Court shuts down telemarketer accused of fraud

A U.S. district court has shut down a telemarketing company that allegedly targeted Hispanic customers in a fraudulent scheme to resell luxury products.

After a request from the Federal Trade Commission (FTC), the court temporarily blocked a company known as Oro Marketing, among other names, for charging high upfront fees and intimidating consumers who refused to pay.

According to the agency’s charges, Oro promised people that they could make a hefty profit by reselling gear from high-end labels like Gucci, Armani and Coach, but then gave them worthless products to pass along. The company charged consumers between $400 and $490 in upfront fees and threatened those who didn’t pay with lawsuits and arrests, the FTC said.


“Oro Marketing used deception and threats to take advantage of people who were trying to make ends meet,” said Jessica Rich, head of the FTC’s consumer protection division, in a statement. “We intend to permanently stop this conduct.”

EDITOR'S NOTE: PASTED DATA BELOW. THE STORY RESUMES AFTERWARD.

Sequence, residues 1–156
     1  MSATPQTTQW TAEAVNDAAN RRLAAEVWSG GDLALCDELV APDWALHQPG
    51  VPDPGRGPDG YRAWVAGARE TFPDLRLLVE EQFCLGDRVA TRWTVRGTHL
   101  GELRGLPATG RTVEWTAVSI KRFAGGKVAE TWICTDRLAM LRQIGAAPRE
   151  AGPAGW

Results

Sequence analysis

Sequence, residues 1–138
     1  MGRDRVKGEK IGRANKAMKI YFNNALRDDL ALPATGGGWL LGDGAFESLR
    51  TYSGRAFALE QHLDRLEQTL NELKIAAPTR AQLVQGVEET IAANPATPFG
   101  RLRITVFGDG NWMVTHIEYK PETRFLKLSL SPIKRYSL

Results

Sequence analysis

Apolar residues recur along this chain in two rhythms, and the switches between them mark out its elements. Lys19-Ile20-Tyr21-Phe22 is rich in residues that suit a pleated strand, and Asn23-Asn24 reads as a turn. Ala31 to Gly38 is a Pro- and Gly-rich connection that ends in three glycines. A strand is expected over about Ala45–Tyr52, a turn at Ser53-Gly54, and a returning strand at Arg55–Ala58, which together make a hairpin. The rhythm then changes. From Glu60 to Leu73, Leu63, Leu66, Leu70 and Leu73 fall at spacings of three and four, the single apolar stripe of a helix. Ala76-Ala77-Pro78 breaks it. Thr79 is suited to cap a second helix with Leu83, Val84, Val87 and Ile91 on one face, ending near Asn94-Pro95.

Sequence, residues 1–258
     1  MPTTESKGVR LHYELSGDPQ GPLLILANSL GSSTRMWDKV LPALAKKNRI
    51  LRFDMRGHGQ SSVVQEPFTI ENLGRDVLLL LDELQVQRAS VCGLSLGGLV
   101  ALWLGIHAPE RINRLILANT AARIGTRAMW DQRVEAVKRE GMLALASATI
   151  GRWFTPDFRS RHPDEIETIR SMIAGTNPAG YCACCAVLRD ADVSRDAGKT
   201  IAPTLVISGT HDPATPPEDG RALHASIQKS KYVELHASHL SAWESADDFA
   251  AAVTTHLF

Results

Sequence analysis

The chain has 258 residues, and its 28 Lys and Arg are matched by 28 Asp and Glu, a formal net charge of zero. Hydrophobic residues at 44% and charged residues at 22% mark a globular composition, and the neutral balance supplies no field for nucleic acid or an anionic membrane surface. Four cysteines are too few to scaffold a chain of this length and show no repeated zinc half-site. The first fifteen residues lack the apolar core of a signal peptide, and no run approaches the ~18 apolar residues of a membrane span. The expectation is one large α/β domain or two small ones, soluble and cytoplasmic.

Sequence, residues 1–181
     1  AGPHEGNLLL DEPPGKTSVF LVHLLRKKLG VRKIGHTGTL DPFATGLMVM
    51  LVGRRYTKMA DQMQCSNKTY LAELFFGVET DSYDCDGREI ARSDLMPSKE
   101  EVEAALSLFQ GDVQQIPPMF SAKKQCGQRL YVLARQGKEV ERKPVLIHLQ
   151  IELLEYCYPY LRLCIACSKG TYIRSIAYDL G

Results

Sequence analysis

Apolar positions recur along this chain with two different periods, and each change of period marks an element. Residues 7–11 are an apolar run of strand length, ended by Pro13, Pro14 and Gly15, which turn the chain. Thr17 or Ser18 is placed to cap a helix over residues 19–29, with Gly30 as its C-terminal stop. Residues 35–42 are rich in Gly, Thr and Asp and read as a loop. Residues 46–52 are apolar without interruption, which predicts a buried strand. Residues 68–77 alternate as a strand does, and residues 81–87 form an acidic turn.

The commission alleged that the company called Spanish-speaking consumers, offered them wholesale prices on luxury clothing, bags and perfumes, but then sent them unbranded or low quality products; people caught in the scheme had to pay for the products, at hundreds of dollars per delivery.

If they complained, the company told consumers that it would resend the packages, but that they needed to pay again, according to the FTC.

If the consumer refused to pay, Oro allegedly threatened fines, lawsuits or to damage the person's credit history.